The figures in the latest tender for the public works contract at Lake Fertő (Lake Neusiedl), which was “sneakily” reopened on Christmas Eve, don’t add up, claims the environmental protection organization Greenpeace. According to the green NGO, the document published on December 24 specifies even larger dimensions for certain elements than in previous permits, and even lists new buildings for which the state-owned company does not have a permit. Greenpeace has again appealed the public tender.
This article was originally published on our sister-site, Ungarn Heute.
As we previously reported, state-owned Sopron-Fertő Tourism Development Nonprofit Ltd. is planning a state-funded investment project on some 60 hectares in the Fertő-Hanság National Park, a World Heritage Site. Plans include a sports hall, a football field with artificial turf, 16 residential buildings, a 100-room hotel, a parking lot for 880 cars, a multi-story visitor center, a motel, a campground, and a marina for 850 sailboats and 400 rowboats. The project would take more land away from the reed beds and the Fertő riverbed than before, multiplying the tourist pressure on the environment, and according to environmentalists, seriously damage the lake’s flora and fauna. The Hungarian Academy of Sciences has also expressed serious concerns about the project.
After it emerged that the project’s tender was opened again on December 24, and that among other things, larger buildings than permitted were being planned, the Hungarian chapter of Greenpeace has again challenged the public tender and is once again calling on the government to stop the project immediately, as in their opinion it is “illegal” and will destroy nature to an extraordinary extent.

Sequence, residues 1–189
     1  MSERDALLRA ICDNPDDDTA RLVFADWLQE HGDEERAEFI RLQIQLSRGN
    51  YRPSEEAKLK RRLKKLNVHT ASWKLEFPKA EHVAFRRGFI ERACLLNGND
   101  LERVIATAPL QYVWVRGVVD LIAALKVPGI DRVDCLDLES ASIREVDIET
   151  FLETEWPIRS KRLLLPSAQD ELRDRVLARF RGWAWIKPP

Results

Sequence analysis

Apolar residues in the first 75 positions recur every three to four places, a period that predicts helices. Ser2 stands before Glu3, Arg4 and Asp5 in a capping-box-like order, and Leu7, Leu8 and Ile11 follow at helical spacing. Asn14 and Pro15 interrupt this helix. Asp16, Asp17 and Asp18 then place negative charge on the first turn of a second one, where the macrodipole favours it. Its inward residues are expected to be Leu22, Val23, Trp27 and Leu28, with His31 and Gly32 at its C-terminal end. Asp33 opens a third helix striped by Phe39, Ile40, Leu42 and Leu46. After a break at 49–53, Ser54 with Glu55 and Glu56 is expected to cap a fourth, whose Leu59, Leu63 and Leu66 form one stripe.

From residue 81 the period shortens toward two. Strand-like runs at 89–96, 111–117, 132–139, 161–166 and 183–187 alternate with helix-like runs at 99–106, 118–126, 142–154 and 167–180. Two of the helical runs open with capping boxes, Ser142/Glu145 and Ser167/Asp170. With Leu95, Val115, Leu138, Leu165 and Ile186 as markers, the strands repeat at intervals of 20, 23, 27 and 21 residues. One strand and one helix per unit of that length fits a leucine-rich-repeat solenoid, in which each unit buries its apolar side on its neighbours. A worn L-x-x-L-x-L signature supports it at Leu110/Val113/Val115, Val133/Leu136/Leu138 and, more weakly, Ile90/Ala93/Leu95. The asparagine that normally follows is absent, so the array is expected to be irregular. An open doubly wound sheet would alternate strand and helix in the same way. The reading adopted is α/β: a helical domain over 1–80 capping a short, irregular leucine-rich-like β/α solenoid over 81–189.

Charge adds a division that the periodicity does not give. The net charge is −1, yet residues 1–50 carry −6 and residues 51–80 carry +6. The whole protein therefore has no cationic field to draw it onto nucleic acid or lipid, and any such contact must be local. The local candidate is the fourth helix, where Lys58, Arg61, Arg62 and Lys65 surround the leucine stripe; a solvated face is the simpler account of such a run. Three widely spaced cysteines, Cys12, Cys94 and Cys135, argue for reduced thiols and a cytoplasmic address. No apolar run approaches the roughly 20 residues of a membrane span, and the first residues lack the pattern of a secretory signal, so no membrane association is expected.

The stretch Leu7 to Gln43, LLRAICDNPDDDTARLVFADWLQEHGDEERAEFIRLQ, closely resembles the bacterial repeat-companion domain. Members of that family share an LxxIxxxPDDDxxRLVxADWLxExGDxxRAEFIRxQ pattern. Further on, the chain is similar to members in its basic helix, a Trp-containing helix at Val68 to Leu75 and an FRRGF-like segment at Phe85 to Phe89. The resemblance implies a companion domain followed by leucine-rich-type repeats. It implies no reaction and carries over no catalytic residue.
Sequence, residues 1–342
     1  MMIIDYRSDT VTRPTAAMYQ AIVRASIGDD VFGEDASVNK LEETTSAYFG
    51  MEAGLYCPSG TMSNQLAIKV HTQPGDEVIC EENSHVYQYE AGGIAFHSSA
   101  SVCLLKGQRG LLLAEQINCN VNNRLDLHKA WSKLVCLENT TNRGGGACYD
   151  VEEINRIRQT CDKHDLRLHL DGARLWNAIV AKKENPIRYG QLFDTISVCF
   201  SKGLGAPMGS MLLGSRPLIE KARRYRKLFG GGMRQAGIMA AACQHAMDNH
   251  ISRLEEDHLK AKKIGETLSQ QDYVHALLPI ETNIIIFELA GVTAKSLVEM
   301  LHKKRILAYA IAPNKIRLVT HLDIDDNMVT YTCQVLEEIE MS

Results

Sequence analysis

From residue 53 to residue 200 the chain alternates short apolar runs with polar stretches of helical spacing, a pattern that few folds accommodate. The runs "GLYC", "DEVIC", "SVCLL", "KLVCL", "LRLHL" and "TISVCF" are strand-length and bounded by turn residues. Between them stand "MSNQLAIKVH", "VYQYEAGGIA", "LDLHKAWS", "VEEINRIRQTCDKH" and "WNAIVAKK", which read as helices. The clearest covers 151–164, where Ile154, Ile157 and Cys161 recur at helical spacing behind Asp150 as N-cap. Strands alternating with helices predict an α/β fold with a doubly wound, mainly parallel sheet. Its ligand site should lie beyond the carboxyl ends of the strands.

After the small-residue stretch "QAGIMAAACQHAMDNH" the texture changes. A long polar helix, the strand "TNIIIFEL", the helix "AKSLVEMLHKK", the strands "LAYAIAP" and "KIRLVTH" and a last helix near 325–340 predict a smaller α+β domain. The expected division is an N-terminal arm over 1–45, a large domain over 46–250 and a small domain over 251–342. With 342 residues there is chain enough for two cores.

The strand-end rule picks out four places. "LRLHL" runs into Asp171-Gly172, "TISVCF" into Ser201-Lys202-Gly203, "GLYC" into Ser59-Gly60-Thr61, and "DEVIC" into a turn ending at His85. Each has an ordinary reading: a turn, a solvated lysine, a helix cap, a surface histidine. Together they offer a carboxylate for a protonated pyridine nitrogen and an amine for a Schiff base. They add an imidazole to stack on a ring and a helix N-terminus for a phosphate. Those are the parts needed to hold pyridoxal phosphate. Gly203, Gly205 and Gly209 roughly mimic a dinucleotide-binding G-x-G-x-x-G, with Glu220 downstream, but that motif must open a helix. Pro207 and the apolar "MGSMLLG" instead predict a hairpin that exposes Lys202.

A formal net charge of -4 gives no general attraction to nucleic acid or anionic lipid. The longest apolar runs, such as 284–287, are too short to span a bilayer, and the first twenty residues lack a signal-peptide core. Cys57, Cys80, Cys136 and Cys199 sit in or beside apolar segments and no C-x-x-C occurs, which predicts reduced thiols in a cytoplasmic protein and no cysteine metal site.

The state company has also changed the wording of the new tender, Greenpeace claims, deleting the following justification: “The construction works should be accelerated to avoid the habitat being reclaimed by wildlife.” The numbers are also different than before: they are well above the permitted dimensions, with Greenpeace claiming that each detail is larger than the area covered by the previous permit. In addition, the 26 apartment buildings, one bathhouse, and about 150 beach pavilions included in the tender have not received approval. The NGO claims that until the court case on the environmental permits is concluded, a new public procurement process could not be launched anyway.
For the past year and a half, non-governmental organizations have been protesting what they consider to be an “oversized” project. More than twenty-four thousand people have signed the petition of the locals, and just as many people have joined a German-language version of the petition from the Austrian side of the lake. The non-governmental organizations want the state to replace what they see as a nature-destroying project with a small-scale tourist development that takes into account the lake’s natural features and protects its wildlife, and for the remaining money to be used for conservation projects.
Featured photo illustration via Pixabay